“Wassup” remains resolutely American despite Budweiser’s best attempts to globalise it.

And if “later” or “laters” does take root in the UK I will have to kill myself.

Anyway.  Let’s share our thoughts on this one so that I can create an article as good as the one below…

Autumn, n. The season between summer and winter. “‘Autumn’ is being used a lot more now instead of ‘fall’.” Alan, New York, US

Bloody, adj. and adv. An intensifier: absolute, downright, utter. Sometimes in a negative sense. “There have been several instances where I’ve heard the term ‘bloody’ in regular conversation. I understand the urge to say it in certain situations, but I react with a jolt when I hear it. It just seems so… indecent. The use of ‘bloody’, in my view, is iconically British. When Americans try to use it, I think they’re trying to sound like Michael Caine. I feel it’s a deliberate contrivance to associate themselves with some perceived prestige in sounding British. Some Americans think that by saying ‘bloody’ everybody will assume that they have four more IQ points than everyone else. It’s understandable. And completely true.” Marshall McCorcle, Dallas, Texas, US

Bum, n. The buttocks or posteriors (slang). “I have seen an increasing use of ‘bum’ for a person’s backside here, both from local friends and from Americans on the web. While I am still perfectly fine with sitting on my butt, everyone else is getting all fancy talking about their bums.” Jim Boyd, Des Moines, Iowa, US

Chav, n. Pejorative term to express young person who displays loutish behaviour, sometimes with connotations of low social status. “The word ‘chav’ is starting to catch on in the US, thanks to YouTube videos. I overheard someone say, ‘Nah I’m not buying those sneakers man, they are so chavvy’ at a sports retailer.” Jeff Bagshaw, US

“Chav is becoming rather noticeable as a few Americans understand that not ‘all British people are posh’. Boston/Cambridge is rife with international college students, so it may just be a blip, but I’ve heard it in a suburban grocery store in reference to some hooligans outside the store.” Elaine Ashton, Lexington, Massachusetts, US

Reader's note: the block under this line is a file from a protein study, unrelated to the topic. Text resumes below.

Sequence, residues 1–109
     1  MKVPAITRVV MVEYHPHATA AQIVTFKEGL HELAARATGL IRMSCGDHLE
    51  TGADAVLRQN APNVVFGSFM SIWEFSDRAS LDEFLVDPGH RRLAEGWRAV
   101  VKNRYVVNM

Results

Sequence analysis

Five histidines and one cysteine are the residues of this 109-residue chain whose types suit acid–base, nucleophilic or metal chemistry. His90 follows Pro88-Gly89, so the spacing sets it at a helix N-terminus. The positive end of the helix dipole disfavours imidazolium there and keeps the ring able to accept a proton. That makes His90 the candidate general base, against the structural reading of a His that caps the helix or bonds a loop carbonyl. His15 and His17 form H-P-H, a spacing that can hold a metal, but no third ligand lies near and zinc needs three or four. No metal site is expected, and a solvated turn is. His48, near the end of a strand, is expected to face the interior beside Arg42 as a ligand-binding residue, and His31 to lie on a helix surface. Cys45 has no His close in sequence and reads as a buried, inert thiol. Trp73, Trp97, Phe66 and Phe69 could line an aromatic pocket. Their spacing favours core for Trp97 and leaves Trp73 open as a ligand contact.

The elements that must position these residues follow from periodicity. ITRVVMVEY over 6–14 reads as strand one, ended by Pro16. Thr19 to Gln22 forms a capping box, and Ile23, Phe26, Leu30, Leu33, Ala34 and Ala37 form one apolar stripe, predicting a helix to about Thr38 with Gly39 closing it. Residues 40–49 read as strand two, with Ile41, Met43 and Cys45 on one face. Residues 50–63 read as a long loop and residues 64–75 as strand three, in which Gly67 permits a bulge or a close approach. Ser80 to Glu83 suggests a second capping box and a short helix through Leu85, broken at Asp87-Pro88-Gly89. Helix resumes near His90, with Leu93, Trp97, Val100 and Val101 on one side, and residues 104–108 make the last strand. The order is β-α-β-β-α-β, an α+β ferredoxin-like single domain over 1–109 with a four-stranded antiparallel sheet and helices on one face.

Cheeky, adj. Insolent or audacious in address; coolly impudent or presuming. “I have loved using the word cheeky for about 10 years now.” Daniel Greene, Phoenix, Arizona, US

“Sometimes the British expression just says it better. I particularly like ‘cheeky monkey’.” G Griffin, Wethersfield, Connecticut, US

Cheers, sentence substitute. A drinking toast, goodbye, or thanks. “I am hearing people say goodbye to each other with the British ‘cheers’. Since I have always had a fondness for the Brits and things British, I enjoy hearing it instead of the worn out ‘later’ or ‘see ya later’. Like it or not, the Yanks and the Brits are cousins, and that’s that. Cheers!” Paul Phillips, Marblehead, US

“Use of the word ‘cheers’ in place of ‘thank you’ is on the rise, perhaps among young people who have spent time with British people.” Roddy McCalley, Joshua Tree, California, US

Fancy, v. With reference to fondness or liking. “Our US friends really enjoyed fancied, as in ‘she fancied him’, and an item, as in ‘are you two an item?’.” David Fryer, Muscat, Oman

“Fancy, as in I really fancy a pint.” Paul W, New York City, US

Flat, n. An apartment on one floor of a building. “Just as British people are increasingly calling (particularly posh) flats ‘apartments’, my American friends report that property developers are now selling ‘flats’ in order to make them sound grander than they are.” Beth, London

Frock, n. A girl’s or woman’s dress. “Until very recently, ‘frock’ only appeared in North America in British books. I first read it in the Narnia series. No-one ever said it, and no-one ever used it in print. No-one outside of readers of British literature would even have known what it meant. Now I see it in print media about fashion all the time. This just started happening in perhaps the past five years, certainly no more than 10 years.” Lee Boal, Toronto, Ontario, Canada